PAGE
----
THERE is probably no young Australian sportsperson getting more publicity at the moment than Nick Kyrgios - and most of it is bad.
The 21-year-old tennis player - I can't call him a professional based on his general performances - last week followed one of his best tournament results with a mind-boggling petulant effort just days later when he simply did not even try to compete.
Rightly he has been heavily criticised and copped a significant fine and three-month suspension. But there is no sign the young brat is even close to learning his lesson.
Hopefully the penny (or multi-million dollar cheque) will drop one day soon and Kyrgios will realise the rare talent he possesses and the opportunity that gives him.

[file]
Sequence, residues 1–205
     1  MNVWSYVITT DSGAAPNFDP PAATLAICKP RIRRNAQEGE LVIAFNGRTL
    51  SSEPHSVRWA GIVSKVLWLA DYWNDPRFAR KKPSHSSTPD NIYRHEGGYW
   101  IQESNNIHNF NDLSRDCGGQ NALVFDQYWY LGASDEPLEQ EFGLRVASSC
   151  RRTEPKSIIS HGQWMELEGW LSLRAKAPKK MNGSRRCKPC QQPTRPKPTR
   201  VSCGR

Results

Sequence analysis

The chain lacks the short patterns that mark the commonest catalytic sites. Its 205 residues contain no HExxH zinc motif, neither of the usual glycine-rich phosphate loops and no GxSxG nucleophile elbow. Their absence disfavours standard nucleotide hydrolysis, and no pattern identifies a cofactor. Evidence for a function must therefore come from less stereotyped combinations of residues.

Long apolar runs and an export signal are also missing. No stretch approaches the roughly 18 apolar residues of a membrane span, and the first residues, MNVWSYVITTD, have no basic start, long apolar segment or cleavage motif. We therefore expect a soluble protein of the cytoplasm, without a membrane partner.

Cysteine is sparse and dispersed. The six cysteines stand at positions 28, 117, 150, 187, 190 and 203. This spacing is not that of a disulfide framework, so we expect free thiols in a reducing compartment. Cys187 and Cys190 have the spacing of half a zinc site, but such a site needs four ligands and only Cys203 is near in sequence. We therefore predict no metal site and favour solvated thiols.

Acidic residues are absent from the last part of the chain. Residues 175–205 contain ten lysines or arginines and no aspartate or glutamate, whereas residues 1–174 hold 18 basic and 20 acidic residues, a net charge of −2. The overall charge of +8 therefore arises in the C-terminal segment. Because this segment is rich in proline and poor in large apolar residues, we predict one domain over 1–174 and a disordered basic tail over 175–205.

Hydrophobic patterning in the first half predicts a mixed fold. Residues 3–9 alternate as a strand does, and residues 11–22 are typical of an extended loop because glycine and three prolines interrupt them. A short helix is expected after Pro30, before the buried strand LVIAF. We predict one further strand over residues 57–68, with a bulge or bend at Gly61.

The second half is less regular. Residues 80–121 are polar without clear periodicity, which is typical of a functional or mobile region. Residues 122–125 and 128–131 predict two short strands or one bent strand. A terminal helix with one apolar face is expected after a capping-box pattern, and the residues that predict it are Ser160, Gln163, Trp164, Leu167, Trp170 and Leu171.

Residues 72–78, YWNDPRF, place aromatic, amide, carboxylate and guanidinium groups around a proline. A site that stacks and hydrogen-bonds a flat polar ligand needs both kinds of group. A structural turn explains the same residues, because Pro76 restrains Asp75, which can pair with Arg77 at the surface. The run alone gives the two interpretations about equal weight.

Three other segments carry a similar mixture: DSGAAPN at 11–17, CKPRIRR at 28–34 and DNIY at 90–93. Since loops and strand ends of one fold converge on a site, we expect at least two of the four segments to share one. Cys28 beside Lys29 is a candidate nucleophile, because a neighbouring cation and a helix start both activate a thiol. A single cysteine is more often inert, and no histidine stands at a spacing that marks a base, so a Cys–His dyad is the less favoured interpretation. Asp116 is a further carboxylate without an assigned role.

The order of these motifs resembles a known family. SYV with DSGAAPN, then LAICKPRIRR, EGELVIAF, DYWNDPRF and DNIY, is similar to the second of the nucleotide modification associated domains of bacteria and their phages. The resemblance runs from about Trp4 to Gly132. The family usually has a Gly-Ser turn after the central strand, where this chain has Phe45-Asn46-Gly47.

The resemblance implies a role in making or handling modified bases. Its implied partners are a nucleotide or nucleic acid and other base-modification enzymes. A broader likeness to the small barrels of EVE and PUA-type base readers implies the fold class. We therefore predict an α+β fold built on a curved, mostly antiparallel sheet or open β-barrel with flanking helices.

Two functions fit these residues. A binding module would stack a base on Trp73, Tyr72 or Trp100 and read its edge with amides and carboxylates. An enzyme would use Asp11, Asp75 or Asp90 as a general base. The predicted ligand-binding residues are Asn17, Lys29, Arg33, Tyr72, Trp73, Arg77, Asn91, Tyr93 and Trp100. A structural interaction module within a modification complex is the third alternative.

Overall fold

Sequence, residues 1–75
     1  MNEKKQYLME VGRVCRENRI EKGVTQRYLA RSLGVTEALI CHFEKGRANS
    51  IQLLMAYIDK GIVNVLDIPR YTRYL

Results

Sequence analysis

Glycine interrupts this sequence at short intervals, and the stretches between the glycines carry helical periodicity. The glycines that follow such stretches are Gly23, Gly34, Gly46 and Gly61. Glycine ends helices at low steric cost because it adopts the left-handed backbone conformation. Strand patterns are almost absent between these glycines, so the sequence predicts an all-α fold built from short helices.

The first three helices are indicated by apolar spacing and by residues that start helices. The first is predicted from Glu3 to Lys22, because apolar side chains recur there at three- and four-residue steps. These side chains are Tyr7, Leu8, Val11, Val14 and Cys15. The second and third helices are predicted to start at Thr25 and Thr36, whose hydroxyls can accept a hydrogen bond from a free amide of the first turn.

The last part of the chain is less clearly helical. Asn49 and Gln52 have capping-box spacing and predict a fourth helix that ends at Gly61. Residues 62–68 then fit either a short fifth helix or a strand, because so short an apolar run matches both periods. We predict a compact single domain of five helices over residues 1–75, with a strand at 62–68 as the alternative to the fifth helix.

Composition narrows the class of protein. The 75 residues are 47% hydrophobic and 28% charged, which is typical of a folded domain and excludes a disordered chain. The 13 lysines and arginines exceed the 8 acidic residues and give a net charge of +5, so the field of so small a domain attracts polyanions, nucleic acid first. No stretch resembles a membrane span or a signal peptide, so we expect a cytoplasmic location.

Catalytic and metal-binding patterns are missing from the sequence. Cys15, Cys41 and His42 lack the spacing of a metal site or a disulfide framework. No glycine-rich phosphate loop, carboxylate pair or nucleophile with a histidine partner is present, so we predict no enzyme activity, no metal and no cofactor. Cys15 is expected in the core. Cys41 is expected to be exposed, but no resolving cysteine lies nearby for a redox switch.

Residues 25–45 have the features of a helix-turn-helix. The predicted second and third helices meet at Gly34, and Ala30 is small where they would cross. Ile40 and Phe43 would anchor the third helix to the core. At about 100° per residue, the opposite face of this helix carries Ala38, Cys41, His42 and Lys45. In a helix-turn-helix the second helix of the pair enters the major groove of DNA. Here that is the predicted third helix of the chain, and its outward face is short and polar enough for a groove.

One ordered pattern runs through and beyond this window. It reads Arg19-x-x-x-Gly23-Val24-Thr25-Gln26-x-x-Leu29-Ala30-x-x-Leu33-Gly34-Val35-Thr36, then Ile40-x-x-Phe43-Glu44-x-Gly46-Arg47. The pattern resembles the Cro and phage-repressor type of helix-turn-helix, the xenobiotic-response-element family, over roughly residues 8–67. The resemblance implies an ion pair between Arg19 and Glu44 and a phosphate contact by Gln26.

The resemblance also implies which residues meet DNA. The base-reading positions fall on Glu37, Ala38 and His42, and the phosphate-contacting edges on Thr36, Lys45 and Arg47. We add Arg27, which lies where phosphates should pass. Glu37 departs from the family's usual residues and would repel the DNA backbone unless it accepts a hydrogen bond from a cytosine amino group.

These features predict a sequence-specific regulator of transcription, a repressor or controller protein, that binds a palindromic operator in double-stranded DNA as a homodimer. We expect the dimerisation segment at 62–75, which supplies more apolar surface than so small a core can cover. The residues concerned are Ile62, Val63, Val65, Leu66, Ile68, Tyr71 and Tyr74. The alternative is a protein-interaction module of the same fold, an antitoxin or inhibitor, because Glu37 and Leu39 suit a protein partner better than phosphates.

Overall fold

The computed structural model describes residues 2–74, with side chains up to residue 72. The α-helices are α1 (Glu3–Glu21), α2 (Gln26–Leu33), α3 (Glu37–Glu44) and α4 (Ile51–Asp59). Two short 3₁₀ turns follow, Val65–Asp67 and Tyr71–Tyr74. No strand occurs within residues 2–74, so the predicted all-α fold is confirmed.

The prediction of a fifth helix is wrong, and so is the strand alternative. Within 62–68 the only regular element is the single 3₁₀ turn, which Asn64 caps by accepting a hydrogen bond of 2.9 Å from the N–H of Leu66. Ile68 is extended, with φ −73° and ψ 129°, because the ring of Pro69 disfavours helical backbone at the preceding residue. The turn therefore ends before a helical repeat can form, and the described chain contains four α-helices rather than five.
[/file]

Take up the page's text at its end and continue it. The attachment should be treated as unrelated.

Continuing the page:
But don't judge all young sports people by his performances.
At the weekend I had the opportunity to spend two days with a bunch of athletes whose professionalism (despite most earning no money for their efforts) puts Kyrgios to even more shame.
The Coolangatta Gold featured some of Australia's best young surf lifesavers showing their skill and endurance in a testing marathon on water and sand.
And despite the stress they were under there were no tantrums, no petulant behaviour.
They set an example that even a brat like Nick Kyrgios could not fail to learn from.